Veteran educator Angela Bass grew up in a military family, moving to a new city every three years. With each move came the challenges of starting in a new school and adapting to new environments. Unbeknownst to her at the time, these skills would serve her well as an educator.

A graduate of LMU’s Doctoral Program in Educational Leadership for Social Justice, Angela is a longtime educator, primarily in the San Diego and Los Angeles regions. She served as a teacher, principal, instructional leader, Executive Director of the Baldrige Criteria for Performance Excellence, and ultimately an Area Superintendent in the San Diego Unified School District – successfully working in a diverse set of schools and communities to improve student achievement and opportunities for young people.

Angela applies this experience to her current position as vice president of Partners for Developing Futures, a nonprofit social venture investment fund that primarily invests in high-potential, early-stage, minority-led charter schools and charter school networks that educate underserved students. Partners for Developing Futures was founded by Ref Rodriquez, a part-time faculty member in the LMU School of Education. At Partners, Angela researches investment decisions for emerging charter schools nationally and serves as an executive coach and thought partner to school leaders in the fund’s investment portfolio – many of whom are facing challenges that Angela has experienced firsthand.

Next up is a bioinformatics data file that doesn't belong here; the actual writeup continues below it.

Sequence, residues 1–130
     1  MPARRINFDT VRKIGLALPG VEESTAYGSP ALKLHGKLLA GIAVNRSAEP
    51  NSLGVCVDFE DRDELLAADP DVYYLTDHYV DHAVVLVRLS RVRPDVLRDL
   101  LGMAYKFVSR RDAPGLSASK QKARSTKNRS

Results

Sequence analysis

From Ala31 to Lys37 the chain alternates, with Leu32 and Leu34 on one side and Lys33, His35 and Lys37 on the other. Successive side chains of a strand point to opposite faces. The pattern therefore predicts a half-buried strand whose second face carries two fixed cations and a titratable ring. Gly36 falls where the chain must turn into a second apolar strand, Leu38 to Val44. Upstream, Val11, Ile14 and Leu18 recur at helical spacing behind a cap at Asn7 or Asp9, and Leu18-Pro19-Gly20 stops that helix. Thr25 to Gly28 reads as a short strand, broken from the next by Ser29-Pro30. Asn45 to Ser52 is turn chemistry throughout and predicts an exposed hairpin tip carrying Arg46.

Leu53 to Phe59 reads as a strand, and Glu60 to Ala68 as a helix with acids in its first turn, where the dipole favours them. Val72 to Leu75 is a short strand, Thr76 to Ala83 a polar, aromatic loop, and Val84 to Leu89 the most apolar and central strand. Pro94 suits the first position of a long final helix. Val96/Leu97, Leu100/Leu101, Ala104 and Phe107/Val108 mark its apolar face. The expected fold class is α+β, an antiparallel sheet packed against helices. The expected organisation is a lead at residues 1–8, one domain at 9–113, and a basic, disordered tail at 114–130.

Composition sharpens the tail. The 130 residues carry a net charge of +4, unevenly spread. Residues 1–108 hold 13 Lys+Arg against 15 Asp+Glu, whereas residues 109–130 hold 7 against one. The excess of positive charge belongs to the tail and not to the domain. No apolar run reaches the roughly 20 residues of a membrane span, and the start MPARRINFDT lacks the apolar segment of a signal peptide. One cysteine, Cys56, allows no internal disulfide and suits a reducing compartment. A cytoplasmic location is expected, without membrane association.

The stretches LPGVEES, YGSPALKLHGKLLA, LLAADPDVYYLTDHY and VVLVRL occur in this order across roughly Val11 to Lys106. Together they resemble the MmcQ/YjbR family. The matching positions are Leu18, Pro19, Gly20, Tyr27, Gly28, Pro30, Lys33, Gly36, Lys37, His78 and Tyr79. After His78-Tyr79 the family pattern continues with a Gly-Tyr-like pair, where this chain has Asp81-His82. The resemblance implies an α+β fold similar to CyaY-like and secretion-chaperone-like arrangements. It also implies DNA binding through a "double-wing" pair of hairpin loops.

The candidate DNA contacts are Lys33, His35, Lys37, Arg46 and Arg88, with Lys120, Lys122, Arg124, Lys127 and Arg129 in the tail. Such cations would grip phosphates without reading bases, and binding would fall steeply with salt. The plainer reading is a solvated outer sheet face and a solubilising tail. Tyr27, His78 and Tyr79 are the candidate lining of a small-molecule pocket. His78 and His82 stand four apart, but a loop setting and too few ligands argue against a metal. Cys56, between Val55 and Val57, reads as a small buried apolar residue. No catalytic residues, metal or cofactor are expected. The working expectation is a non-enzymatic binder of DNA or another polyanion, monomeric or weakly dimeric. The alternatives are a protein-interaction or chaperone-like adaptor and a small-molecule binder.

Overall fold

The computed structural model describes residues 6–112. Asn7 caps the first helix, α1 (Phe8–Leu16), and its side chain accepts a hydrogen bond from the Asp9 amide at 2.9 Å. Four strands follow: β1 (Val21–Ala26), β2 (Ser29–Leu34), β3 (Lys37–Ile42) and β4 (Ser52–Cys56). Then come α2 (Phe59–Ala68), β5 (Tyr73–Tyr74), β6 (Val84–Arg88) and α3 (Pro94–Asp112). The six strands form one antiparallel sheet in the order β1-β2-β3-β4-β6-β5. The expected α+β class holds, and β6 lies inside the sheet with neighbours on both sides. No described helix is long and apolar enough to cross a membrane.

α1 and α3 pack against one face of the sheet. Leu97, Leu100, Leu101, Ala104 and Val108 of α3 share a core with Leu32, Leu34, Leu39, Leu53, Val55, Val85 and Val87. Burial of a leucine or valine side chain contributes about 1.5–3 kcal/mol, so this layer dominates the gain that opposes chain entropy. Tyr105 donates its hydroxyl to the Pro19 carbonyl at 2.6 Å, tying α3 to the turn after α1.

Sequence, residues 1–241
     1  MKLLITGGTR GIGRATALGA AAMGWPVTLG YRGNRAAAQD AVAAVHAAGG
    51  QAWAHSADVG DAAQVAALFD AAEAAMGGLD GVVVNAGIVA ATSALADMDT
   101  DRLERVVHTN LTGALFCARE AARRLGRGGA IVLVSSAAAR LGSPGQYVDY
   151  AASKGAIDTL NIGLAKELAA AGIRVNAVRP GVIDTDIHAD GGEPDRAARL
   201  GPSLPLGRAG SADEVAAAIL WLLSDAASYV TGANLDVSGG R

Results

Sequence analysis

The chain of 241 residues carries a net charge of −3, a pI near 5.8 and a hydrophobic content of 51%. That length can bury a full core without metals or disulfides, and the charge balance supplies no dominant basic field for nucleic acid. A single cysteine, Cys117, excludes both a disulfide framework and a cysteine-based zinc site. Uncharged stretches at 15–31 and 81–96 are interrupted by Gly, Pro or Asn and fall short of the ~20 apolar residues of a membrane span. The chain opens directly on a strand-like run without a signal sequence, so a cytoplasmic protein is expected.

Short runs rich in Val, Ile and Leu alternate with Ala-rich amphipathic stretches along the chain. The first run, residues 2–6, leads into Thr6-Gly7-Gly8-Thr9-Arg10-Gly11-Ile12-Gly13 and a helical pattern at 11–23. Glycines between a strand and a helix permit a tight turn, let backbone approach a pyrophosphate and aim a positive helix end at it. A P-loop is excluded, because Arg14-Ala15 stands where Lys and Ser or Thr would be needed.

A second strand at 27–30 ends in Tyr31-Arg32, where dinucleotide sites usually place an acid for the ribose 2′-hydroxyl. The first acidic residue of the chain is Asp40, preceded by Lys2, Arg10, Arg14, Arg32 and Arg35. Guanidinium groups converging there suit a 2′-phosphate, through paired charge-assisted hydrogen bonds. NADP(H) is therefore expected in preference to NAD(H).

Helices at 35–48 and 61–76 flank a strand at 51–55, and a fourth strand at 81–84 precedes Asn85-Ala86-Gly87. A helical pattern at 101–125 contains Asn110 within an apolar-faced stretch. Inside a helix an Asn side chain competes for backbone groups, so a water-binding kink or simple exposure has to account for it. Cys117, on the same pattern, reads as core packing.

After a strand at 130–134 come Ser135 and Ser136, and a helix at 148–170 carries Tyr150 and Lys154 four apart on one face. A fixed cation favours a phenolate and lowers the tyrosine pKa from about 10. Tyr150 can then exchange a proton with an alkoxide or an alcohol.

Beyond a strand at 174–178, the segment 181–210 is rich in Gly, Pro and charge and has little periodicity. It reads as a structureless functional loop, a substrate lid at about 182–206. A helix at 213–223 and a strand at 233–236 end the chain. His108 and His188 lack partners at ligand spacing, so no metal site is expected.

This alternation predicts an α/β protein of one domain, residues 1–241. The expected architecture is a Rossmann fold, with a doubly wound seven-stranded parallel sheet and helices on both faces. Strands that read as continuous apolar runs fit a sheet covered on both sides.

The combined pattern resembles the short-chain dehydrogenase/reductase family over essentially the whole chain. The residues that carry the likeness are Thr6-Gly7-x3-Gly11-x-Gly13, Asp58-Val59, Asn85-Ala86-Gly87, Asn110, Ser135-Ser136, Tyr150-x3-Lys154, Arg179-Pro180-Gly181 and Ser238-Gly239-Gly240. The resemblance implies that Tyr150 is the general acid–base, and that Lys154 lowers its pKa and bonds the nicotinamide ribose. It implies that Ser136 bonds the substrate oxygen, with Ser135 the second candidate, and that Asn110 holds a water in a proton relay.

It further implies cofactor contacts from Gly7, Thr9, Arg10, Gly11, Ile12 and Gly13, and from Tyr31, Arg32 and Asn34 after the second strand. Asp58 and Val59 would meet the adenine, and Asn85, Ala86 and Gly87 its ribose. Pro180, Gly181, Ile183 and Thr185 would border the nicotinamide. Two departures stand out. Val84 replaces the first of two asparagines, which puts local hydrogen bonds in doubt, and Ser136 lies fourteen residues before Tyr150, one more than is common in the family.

Her doctoral dissertation on turnaround strategies was born out of her work with the Partnership for Los Angeles Schools, where she served as superintendent of instruction for more than two years – a position she was prepared for because of her decades of experience as well as her recent graduation as a fellow of the Broad Superintendents Academy. The Partnership is a unique collaboration between the City of Los Angeles and the Los Angeles Unified School District to turnaround L.A.’s lowest performing schools. “I saw remarkable resilience in the children, teachers and parents throughout my time with the Partnership,” she said. “My two key takeaways were: 1) Solutions reside in the school and the community – the teachers are very capable but sometimes need the right supports; 2) Context matters – there was no single formula that would work at every school, so individual strategies and solutions were needed for each.”

Angela chose LMU’s doctoral program because of its personalized approach and flexibility in completing her dissertation. “I felt that in the classroom, my colleagues and I were free to be bold about the challenges in education, yet also thoughtful about the solutions. We were encouraged to speak and think freely,” Angela said. “LMU didn’t just talk about social justice, they truly walked it.”  

She began her career teaching in Kansas City before moving to San Diego. What keeps her going is her strong belief that “all students, despite any challenges they may be faced with, are brilliant and can overcome most obstacles to succeed in school and beyond.”